GE To Build Largest Thin Film Solar Factory in US

GE (NYSE:GE) today announced plans to build the largest thin-film solar manufacturing facility in the US. 

The company says it is considering multiple locations for the factory, which will have a capacity of 400 megawatts (MW) per year. The facility will be larger than any U.S. solar panel manufacturing plant in operation today and will produce 400 solar jobs. GE said the location will be announced soon.

The company also says it has achieved the highest efficiency ever for a full-size cadmium telluride thin film solar panel.  module.

The record-setting panel was produced on the PrimeStar 30 MW manufacturing line in Arvada, Colo. It was measured by the National Renewable Energy Lab (NREL) at a 12.8% aperture area efficiency. This panel surpasses all previously published records for CdTe thin film.

GE says a 1% increase in efficiency is equal to an approximate 10% decrease in total system cost.

Competitors include First Solar (FSLR), the dominant player in thin film solar, which has gigawatt-scale production at 11.6% efficiency costing only $0.75 per watt – they’re expanding capacity to 2 GW this year. Abound Solar, a fast-rising newcomer, is building up to 840 MW of capacity thanks to a  DOE loan guarantee.

GE intends to manufacture the record-setting solar panels at its new factory, which will be part of an expected $600-million-plus investment in solar technology and commercialization. 

GE says the investment will be complemented by the recently announced acquisition of power conversion company Converteam.

In addition, GE has acquired PrimeStar Solar, Inc., a thin film solar technology company in which GE held a majority equity stake since 2008. Photovoltaic solar is the next step in growing GE’s renewable energy portfolio, the company says.

"Over the last decade, through technology investment, GE has become one of the world’s major wind turbine manufacturers, and our investment in high-tech solar products will help us continue to grow our position in the renewable energy industry," said Victor Abate, vice president of GE’s renewable energy business.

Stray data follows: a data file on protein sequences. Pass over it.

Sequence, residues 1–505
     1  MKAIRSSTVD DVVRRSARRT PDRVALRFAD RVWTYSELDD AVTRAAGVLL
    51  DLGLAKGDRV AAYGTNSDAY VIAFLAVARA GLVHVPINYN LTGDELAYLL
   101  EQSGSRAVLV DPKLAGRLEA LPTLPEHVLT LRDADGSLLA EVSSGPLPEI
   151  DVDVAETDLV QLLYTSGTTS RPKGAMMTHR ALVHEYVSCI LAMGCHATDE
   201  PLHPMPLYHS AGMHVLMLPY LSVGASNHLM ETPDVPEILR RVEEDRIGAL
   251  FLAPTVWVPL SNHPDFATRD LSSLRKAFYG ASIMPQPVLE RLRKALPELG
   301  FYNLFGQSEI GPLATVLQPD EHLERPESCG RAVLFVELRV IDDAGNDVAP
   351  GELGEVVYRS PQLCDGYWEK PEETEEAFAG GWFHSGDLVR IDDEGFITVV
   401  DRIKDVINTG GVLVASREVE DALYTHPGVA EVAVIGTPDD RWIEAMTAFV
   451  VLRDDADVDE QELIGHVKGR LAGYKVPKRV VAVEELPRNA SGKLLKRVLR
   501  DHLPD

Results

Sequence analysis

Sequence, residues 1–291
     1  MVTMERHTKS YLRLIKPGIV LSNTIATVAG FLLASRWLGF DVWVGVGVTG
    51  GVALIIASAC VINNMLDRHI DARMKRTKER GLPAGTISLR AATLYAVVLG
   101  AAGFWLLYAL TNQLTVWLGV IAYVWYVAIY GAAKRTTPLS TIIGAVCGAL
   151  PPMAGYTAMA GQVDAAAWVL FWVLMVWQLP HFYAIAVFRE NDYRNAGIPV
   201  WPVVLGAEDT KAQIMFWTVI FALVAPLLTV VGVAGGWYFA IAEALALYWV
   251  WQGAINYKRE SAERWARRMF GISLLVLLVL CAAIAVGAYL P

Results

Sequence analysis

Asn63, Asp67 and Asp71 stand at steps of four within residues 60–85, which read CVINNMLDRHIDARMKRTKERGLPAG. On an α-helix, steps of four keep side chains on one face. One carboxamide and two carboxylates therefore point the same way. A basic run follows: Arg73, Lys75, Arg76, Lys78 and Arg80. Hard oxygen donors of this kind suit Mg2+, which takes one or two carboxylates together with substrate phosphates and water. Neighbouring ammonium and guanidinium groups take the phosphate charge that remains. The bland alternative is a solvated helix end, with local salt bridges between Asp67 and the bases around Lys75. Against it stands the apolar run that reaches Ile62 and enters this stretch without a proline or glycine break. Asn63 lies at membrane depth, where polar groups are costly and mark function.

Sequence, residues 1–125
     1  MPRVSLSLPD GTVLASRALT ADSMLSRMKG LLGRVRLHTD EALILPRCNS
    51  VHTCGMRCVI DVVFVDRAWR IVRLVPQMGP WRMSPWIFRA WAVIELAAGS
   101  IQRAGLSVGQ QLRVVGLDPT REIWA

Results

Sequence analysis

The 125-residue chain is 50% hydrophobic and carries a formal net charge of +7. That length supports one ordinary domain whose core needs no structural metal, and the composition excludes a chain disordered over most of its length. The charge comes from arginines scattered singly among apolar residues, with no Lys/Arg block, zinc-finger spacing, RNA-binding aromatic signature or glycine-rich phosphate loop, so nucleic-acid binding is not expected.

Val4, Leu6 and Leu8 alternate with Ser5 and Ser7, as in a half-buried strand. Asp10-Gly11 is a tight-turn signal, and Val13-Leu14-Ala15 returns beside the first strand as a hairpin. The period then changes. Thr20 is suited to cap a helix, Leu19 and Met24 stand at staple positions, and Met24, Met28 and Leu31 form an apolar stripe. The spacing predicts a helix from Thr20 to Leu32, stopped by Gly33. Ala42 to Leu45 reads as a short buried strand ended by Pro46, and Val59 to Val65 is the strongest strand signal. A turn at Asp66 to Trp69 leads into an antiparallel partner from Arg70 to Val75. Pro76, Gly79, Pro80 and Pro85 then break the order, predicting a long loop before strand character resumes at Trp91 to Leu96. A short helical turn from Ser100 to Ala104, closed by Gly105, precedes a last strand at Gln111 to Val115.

Global demand for photovoltaics is expected to grow by 75 GW over the next five years, with utility-scale solar plants making up a significant part of that growth.

"Milestones like these are pivotal as the United States looks to drive widespread adoption of solar technologies," said Ryne Raffaelle, director of the National Center for Photovoltaics at NREL. "It’s great to see technology that started at NREL ready to move into the market." NREL transitioned the technology to PrimeStar through a cooperative research and development agreement signed in 2007.

GE plans to build an advanced technology thin film solar panel factory in the US that, at capacity, will produce enough panels a year to power 80,000 homes annually.

GE also announced it has orders for over 100 MW of commercial solar thin film products, including panels, inverters and total solar power plants. GE’s largest solar agreement to date is with NextEra Energy (NYSE: NEE) for 60 MW of thin film solar panels. NextEra also produces 4.5 GW of renewable energy with GE’s wind turbines.

GE also signed a 20 MW solar agreement with Invenergy for the supply of thin film solar panels and inverters. Invenergy, a Chicago-based clean energy generation company, will install the solar products at a project site in Illinois. Invenergy recently executed a power purchase agreement for the project, which upon completion will be one of the largest solar installations in the state.

Great news, but will GE pay the US any taxes this year?

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